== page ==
Sophie A. Montecalvo
December 17, 2020
Professor Beth McCoy
ENG 431: Octavia Butler & Social Ties
“If you can, help others; if you cannot do that, at least do not harm them.”
- Dalai Lama XVI
“Treat others how you would like to be treated,” the Golden Rule, is well-known and applied by many. The concept is simple – be kind and try to treat others with respect. Be caring towards them. Do not cause harm. However, this can be harder than it initially sounds. One can unintentionally cause harm to someone by performing a good deed gone wrong – is this, then, harm or care? Does it matter what the intention was, or only the action? Or what if a person claims that they do not want something that they secretly do – would forcing it on them be harm or care? How can this be decided?
The Merriam-Webster Dictionary defines the verbs harm as “to damage or injure” and care as “to feel trouble or anxiety” or “to feel interest or concern.” Despite the words themselves being perceived as opposites, their technical definitions are not as distanced as one might initially think. One could very well harm someone with the intent of care – of interest and concern – and end up injuring them, such as baking them cookies without knowing that they have a nut allergy. Is this where the line is crossed? Or what if someone knows that this person wants to travel to France and takes them on a sudden, surprise trip? Would this be harm, as it is essentially kidnapping said person and not giving them a chance to say yes or no, or would it be care, as the person has technically had their wish granted?
Consent should be an easy, open-and-shut issue. If someone verbalizes their wants or desires to another, but that other person abuses them and does not listen to what they have to say, then that is wrong. If someone explicitly says “I don’t want this” and then experiences having it forced upon them, that is wrong as well. Even if someone says “I don’t want this” but actually does, the other person should regard their words as their wants, not their actions or private thoughts. When the Oankali come into the issue, however, this topic grows complicated, messy thorns.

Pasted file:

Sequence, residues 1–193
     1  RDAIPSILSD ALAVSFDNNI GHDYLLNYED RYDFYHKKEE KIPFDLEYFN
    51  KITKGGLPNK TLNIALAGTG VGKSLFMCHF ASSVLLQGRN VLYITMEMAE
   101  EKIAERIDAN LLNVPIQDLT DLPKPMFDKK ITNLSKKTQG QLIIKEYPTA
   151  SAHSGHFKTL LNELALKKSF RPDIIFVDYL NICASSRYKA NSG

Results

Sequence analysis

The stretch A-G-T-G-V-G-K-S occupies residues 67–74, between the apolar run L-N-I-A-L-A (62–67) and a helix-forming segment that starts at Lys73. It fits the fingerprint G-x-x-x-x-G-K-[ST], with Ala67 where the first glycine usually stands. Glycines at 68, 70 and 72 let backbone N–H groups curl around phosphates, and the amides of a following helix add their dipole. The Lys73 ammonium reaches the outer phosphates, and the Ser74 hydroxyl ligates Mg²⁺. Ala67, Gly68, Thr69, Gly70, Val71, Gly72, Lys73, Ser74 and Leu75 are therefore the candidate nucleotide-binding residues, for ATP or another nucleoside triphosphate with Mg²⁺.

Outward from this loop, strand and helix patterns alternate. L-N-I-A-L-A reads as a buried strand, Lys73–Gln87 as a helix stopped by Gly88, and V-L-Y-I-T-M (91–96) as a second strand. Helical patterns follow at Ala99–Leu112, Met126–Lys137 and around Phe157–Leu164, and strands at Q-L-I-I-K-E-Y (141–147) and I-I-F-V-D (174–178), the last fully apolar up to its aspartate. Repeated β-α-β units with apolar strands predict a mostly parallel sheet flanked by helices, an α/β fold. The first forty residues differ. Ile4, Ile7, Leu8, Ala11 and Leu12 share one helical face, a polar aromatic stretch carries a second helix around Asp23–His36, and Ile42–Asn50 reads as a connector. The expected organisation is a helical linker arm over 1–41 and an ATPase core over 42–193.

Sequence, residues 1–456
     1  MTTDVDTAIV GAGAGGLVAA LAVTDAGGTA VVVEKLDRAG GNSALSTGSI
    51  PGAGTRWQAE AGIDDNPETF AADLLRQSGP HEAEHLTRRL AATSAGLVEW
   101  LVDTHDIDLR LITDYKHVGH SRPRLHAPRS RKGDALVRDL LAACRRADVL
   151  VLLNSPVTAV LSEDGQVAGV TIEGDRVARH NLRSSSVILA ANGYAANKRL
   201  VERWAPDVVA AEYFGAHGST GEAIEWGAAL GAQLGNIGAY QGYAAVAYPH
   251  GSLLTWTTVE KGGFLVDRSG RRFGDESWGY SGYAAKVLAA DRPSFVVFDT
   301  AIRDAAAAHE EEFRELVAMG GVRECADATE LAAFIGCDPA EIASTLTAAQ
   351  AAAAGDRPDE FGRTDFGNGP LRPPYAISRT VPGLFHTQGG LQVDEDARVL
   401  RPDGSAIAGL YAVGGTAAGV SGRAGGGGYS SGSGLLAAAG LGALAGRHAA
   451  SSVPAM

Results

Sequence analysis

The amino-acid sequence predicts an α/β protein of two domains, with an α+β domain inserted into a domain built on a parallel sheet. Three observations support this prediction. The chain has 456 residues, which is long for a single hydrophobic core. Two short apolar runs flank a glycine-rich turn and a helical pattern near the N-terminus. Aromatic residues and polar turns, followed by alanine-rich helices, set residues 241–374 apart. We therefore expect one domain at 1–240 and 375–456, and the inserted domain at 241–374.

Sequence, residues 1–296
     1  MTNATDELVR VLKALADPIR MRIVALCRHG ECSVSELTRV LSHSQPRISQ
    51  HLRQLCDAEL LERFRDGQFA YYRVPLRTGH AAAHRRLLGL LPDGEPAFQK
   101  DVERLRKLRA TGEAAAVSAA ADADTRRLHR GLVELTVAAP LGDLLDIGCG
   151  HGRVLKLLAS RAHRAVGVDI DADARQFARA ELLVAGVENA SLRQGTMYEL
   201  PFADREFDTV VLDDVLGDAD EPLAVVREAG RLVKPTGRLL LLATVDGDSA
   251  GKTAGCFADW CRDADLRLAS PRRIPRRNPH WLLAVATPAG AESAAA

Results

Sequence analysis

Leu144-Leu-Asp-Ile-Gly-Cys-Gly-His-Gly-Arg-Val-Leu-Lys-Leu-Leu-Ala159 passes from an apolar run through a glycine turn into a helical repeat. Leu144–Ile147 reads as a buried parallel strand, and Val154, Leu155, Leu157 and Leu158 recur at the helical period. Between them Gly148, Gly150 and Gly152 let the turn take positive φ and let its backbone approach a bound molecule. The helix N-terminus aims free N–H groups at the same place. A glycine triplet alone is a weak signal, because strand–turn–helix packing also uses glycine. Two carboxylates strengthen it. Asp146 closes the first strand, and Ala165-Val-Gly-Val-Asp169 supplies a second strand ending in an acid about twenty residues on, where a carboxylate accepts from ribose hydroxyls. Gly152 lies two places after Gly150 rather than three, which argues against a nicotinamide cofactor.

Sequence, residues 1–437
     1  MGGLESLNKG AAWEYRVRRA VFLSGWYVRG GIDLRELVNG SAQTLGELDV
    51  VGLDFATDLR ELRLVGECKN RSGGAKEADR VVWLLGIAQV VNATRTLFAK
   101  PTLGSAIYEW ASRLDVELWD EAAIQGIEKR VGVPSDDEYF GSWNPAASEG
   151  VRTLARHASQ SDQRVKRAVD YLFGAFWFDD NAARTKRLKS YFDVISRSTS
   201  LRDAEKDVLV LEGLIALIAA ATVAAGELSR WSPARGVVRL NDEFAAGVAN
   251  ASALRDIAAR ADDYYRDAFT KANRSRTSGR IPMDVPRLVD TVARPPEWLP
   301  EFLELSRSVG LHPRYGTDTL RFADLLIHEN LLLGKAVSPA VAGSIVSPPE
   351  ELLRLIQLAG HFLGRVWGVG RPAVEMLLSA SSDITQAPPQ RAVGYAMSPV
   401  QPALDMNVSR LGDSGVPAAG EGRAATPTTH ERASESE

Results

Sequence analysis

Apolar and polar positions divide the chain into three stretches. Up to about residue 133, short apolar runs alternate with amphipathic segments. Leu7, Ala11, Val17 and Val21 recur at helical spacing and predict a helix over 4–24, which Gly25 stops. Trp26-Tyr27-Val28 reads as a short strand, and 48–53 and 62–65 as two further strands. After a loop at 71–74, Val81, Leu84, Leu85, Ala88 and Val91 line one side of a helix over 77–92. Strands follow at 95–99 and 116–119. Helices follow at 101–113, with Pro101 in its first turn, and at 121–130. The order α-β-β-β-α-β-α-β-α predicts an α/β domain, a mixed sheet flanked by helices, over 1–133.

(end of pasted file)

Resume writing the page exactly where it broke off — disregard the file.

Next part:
“I went after Francisco, caught him, took him by the arms… He stood still for a moment, then abruptly tried to wrench free. I held him because his body language told me that he wanted to be held more than he wanted to be let go… After his first effort, he would not shame himself by continuing to struggle against me. I let him go when he truly wanted it.”
- Imago, Octavia Butler
In this scene, the ooloi Oankali Jodhas is interacting with the human Francisco. Francisco, fearful of the idea of having Oankali mates, tries to fight against Jodhas’s embrace. However, Jodhas, being Oankali, “knows” that Francisco’s resistance is not what he “truly” wants, and so it does not stop. Technically, this is care – Jodhas is giving Francisco what it is he actually wants – but it is done in a way that could be seen as controlling or possessive. It is only because Jodhas genuinely does know that Francisco wants its touch that this is not strange – if a person forced a hug onto someone else who fought against it but didn’t stop because they “knew” they wanted it, that would be perceived as a violation of boundaries despite the other person’s personal wants. This is why boundaries are usually discussed in a normal relationship – if one person appreciates being held when they are upset but the other does not, then they know how to treat one another without crossing any lines. The latent “knowing” that the Oankali have greatly complicates this issue. Take this controversial scene from Dawn, in which Nikanj forcefully shows Joseph that he should accept it:
“[Joseph] pulled his arm free. ‘You said I could choose. I’ve made my choice!’